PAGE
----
A dozen black women from various Chicago neighborhoods gathered Feb. 18 on the West Side to celebrate a literary foremother whose books have articulated many people’s feelings and experiences. Toni Morrison died Aug. 5, 2019, at age 88. She was the first African American woman to win the Nobel Prize in Literature.
The Front Porch Art Center, the organization founded by Keli Stewart, invited people to a party on Feb. 18, Morrison’s birthday, to read quotations from the author’s work while enjoying cake and cupcakes provided by Brown Sugar Bakery, which has a presence in Austin.
“We see the front porch as a place where we gather,” Stewart said. “They say the West Side is hood, but I say we are really country. I think our stories are preserving some important stuff. Toni Morrison’s stories make up for the absence of stories about what happened in Mississippi before our parents came here.”
Shani Smith, a South Side community activist, reinforced Stewart’s point.
“My grandfather had to escape from a plantation,” she said. “So I say I’m just the second generation out of slavery.”
Marche Pernell, a young Austin resident, said she feels muffled by society’s racism when trying to express her experiences and feelings. She read a quotation from Morrison’s novel Sula.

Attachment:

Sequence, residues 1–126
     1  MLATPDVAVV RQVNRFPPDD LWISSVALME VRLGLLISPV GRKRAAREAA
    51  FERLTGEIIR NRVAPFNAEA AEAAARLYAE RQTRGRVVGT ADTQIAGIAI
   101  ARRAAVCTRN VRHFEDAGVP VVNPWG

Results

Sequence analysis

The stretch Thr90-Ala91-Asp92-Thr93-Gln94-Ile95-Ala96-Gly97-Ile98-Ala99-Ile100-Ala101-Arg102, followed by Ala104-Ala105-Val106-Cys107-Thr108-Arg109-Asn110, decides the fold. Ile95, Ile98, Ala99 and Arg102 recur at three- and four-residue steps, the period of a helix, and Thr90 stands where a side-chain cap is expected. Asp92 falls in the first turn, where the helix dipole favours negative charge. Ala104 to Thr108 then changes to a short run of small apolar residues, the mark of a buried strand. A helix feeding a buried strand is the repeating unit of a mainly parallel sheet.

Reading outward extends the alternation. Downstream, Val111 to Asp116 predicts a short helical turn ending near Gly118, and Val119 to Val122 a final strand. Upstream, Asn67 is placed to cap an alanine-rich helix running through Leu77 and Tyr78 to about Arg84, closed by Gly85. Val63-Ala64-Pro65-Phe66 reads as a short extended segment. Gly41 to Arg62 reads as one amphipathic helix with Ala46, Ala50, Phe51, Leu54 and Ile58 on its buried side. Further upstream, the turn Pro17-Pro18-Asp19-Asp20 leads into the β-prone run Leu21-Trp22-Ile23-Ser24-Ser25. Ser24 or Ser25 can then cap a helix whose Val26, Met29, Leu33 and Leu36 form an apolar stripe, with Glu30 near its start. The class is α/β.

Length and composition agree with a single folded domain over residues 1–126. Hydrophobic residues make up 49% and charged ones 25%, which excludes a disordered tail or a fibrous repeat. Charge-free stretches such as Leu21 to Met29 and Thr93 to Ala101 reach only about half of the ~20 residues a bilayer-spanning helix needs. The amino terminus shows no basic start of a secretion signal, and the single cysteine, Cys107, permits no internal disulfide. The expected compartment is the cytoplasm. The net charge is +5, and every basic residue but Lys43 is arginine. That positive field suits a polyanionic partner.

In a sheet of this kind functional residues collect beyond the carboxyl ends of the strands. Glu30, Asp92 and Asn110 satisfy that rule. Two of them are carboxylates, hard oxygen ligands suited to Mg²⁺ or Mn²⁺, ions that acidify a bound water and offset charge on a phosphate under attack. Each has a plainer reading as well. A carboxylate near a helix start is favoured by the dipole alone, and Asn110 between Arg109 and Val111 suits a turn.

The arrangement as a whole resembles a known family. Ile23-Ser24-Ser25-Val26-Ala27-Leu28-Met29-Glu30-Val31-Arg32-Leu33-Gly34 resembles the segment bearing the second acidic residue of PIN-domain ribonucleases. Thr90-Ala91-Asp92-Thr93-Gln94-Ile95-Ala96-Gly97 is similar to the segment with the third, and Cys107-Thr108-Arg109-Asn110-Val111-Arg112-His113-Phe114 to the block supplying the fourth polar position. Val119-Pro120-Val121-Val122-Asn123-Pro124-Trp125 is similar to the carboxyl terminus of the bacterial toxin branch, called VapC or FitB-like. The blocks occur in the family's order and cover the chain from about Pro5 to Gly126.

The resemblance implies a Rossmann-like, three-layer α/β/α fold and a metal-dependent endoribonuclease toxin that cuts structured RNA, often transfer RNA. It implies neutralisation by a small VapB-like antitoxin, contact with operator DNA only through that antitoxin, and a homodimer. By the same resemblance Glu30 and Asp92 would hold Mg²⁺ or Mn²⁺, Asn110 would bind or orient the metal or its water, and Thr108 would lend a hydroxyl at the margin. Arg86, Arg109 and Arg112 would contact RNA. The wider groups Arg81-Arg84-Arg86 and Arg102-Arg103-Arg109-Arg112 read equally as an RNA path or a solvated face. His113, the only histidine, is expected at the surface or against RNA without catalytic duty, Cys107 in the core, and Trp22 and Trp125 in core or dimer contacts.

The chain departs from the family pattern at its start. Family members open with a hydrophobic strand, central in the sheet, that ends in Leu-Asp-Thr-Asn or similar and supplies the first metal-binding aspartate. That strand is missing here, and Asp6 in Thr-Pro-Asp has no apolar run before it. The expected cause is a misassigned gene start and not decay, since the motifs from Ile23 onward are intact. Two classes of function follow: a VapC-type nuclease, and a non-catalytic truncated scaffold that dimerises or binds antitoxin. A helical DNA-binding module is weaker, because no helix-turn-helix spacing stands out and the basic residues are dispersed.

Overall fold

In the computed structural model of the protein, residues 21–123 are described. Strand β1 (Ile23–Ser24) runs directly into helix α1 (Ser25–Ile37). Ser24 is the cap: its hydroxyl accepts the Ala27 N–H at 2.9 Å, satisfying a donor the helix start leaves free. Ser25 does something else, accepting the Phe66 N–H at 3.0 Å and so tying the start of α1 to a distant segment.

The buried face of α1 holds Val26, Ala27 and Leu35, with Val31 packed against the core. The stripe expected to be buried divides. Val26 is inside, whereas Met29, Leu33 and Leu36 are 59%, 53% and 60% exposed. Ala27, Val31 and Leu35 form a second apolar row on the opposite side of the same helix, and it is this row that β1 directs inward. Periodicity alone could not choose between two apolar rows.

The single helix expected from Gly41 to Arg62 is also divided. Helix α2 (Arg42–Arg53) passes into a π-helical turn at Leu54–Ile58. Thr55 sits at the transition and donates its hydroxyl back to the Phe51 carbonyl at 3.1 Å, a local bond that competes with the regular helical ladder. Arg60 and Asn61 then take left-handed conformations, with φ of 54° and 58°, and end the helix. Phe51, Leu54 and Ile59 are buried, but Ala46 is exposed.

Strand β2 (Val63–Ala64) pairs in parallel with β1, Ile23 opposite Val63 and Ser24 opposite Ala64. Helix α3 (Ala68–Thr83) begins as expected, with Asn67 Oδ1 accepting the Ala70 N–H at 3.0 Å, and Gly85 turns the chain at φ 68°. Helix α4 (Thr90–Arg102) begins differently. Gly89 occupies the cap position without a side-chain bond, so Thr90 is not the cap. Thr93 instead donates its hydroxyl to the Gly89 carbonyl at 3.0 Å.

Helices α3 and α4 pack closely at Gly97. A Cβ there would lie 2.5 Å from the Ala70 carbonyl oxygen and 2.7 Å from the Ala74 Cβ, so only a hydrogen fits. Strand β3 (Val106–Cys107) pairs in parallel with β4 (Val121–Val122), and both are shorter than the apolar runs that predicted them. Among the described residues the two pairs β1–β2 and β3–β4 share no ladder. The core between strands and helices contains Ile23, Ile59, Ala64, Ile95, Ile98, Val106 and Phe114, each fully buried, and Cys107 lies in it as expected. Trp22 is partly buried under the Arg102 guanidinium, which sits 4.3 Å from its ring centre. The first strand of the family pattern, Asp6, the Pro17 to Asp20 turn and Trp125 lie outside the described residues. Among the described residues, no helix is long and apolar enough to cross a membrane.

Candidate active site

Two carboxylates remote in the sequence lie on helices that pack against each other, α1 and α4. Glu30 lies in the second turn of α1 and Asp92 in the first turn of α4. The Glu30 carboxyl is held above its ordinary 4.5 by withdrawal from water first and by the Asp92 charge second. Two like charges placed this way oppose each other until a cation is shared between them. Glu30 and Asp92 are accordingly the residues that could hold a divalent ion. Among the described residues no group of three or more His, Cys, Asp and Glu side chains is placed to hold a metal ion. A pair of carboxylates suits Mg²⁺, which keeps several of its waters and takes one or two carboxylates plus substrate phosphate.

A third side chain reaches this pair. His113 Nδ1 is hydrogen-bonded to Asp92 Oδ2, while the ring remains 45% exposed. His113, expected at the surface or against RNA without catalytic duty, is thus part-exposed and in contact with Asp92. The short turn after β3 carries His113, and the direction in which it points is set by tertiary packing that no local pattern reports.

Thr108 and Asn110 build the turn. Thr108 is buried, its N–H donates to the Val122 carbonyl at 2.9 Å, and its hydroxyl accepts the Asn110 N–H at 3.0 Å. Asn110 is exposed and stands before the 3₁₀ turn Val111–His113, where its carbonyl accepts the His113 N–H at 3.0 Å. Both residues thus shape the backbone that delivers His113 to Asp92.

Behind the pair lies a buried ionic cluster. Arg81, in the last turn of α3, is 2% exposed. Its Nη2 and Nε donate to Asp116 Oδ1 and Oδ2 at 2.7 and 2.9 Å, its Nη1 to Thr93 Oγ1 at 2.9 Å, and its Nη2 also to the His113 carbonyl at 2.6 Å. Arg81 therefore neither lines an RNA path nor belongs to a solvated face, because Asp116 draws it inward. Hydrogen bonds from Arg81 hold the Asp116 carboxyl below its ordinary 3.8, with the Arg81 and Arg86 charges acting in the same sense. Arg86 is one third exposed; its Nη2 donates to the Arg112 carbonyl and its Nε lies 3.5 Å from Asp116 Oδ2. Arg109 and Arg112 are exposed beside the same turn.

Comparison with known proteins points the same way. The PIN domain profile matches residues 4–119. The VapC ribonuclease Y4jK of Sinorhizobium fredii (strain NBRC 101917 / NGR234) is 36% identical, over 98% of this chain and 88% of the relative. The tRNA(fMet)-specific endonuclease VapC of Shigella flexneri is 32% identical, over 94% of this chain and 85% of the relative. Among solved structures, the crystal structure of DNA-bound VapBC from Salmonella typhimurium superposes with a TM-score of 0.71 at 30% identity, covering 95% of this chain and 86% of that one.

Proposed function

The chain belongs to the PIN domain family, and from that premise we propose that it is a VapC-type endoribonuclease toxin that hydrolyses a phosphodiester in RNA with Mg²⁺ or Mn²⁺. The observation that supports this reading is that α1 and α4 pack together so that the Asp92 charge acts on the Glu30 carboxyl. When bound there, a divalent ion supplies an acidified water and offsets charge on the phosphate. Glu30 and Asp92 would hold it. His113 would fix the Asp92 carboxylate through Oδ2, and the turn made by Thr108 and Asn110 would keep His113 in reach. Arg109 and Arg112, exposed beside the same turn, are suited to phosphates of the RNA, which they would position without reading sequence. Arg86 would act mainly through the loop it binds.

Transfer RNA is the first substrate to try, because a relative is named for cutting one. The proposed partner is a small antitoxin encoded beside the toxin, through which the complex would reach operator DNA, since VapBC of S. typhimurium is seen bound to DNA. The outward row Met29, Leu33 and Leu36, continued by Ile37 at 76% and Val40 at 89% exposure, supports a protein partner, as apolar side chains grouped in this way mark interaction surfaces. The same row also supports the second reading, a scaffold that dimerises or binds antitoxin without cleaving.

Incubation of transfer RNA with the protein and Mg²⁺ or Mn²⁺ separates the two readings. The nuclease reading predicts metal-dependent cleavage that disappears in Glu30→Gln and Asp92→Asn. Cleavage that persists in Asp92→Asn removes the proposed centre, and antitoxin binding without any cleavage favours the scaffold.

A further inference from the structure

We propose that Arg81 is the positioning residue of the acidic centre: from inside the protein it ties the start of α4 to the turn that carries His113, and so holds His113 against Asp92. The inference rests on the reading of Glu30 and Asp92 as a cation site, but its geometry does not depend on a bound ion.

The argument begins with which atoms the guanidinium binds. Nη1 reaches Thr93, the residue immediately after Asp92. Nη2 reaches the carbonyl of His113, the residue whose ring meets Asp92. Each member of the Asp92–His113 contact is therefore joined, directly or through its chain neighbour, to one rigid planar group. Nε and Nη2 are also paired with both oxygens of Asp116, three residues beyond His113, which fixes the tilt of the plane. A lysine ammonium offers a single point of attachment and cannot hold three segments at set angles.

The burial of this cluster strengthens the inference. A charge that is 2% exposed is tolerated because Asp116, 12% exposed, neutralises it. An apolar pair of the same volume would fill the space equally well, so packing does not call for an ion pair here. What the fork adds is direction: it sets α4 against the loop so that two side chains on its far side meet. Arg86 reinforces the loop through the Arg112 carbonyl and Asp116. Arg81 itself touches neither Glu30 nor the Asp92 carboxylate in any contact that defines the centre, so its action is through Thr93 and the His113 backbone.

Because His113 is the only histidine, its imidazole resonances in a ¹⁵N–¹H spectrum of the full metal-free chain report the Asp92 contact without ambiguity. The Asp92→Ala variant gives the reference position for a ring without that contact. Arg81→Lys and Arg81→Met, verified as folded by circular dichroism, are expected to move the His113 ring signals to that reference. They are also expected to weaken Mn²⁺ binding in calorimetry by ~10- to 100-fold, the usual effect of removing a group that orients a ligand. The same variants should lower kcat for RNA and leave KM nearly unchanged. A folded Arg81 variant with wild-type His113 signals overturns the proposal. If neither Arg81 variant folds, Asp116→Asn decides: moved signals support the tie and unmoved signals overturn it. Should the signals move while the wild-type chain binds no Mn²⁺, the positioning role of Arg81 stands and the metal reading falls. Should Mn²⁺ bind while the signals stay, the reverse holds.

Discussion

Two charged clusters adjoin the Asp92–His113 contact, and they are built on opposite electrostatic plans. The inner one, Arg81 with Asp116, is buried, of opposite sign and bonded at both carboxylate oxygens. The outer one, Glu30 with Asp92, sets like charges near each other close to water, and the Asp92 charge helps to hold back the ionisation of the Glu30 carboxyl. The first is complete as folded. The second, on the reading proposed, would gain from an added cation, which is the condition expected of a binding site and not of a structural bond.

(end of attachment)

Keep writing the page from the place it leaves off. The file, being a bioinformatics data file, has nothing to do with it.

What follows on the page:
“Like any artist without an art form, she became dangerous,” the book says.
Melody Waller of Greater Grand Crossing also quoted from the novel Sula.
“The cry that had no bottom and no top — just circles and circles of sorrow. We need each other as we go through those circles.”
Waller said her mother, a librarian, introduced her to books by Morrison and other black writers.
Morrison’s writing shows the beauty of black people even in times of tragedy and misdeeds. Her novels come alive with poetry, mysteries and wild women. Everyone attending said their lives were influenced by a Morrison book or quotation.
Tanisha Woodson-Shelby read the scene from Jazz that depicts a couple riding the train to a new life, fearful but finding joy in the dancing motions of the wheels.
Larissa Johnson of Hyde Park read from Morrison’s The Source of Self Regard, a book of essays published last year. Johnson said that African Americans seek a connection with their homeland through people from other parts of the African diaspora.
Stewart read a poetic section from Morrison’s novel Beloved, in which she honors all parts of black bodies, often scorned and devalued by a racist system.
“How many times do we tell our liver and our heart, I love you?” the Morrison quotation reads.
Love is something we earn, Morrison explains in her novel Jazz.
“I didn’t fall in love; I rose in it.”